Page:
Friday, March 27, 2015

Where the North Wind blows, part three

Overnight, ground blizzards swirled and mushers continued to stack up at the Shaktoolik checkpoint. As morning approached, there were 21 teams holed up in around the small armory. Some had been there for more than 24 hours — the kind of layover even mid-pack mushers aren't known to take — and still no one was moving north into the wind. One of the school teachers took her kids to visit the checkpoint, and described a scene of hundreds of dogs on the ice, and mushers crammed into every corner of the building. The stench, she said, was unbearable. 

As for me, I'd developed a bad case of the kennel cough. It started with persistent hacking and developed into a full-blown riot, doubled over in pain as gobs of mucus ripped through my lungs. I was concerned I was developing bronchitis, but I didn't feel too bad otherwise. Maybe this was the price of heavy breathing in the wind. Rumor also had it that lots of mushers were sick as well. It was unlikely I caught anything from one of them, but I took comfort in the idea that I wasn't alone in my misery. 

I was also starting to run light on food, having started out with what I thought was a generous three days' worth, and having surpassed day three. There were still calories left for just under two more days at the rate I'd been eating, but I'd cherry-picked all the good stuff and was down to one hot meal. A visit to the local Native Store was disappointing. In all likelihood the 21 mushers holed up in town had helped clean them out, but snack and convenience foods were surprisingly absent. I purchased two single-serving containers of instant mac-and-cheese, one can of tuna, one package of Twinkies (there was only one), one root beer, and one orange. The total came out to $23. The orange itself cost nearly $4. It was surprisingly fresh and delicious — worth every penny. There really wasn't much to restock my trail food, unless I wanted to eat raw ramen noodles. I figured that could be an option to extend my food another day, if I somehow ended up back in Shaktoolik again.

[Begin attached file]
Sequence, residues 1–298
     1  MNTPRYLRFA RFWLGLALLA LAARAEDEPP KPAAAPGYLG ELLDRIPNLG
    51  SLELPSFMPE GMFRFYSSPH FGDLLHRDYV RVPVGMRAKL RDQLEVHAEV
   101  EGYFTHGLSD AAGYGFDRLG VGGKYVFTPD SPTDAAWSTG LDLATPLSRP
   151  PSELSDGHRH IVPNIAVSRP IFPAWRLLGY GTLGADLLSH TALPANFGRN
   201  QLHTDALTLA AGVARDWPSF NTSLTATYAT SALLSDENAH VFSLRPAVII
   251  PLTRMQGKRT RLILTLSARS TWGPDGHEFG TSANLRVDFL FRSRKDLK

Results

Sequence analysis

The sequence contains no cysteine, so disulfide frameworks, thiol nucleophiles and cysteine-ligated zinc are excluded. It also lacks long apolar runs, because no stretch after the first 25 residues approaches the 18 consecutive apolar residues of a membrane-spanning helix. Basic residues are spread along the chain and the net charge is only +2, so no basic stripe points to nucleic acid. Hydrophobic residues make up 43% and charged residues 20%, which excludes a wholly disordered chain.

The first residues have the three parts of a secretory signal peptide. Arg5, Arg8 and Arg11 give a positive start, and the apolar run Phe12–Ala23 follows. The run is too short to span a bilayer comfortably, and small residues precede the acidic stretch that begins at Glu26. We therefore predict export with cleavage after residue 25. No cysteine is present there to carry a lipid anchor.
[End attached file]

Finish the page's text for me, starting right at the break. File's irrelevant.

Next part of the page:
Daylight start on day four of my journey, still only 45(!) trail miles from my start in Unalakleet. My legs were so sore that I felt like I had already walked the full 350 to McGrath, and my shoulders and neck muscles burned fiercely. Principal Steve informed me the wind had died down, but the weather station at the airstrip still registered winds out of the north at 33 mph, gusting to 47. Of the 21 mushers holed up in Shaktoolik, eight set out in a paceline during the middle of the night. Among them were Lance Mackey and his brother, and another musher, Scott Janssen, who spent more than 12 hours stranded on the sea ice after his team lost the trail in "the worst blizzard I've ever seen."

Most of the remaining mushers set out after me in the late morning. I was amazed at the ease in which little dog paws could float over the snow dunes. Still, as each team approached and I stepped off the trail to let them go by, they'd run a few paces past me and stop. It was as though I'd been the one breaking trail for the dogs, and now they didn't see a reason to keep running. The musher would step off his sled, greet and pat each one of the dogs as he passed his team, and coax his leader until they were moving again. It was enlightening to see this interaction between the mushers and their dogs. I suppose I expected more of a boss/employee relationship, but the affection these mushers display makes it clear their love and appreciation for each dog runs deep.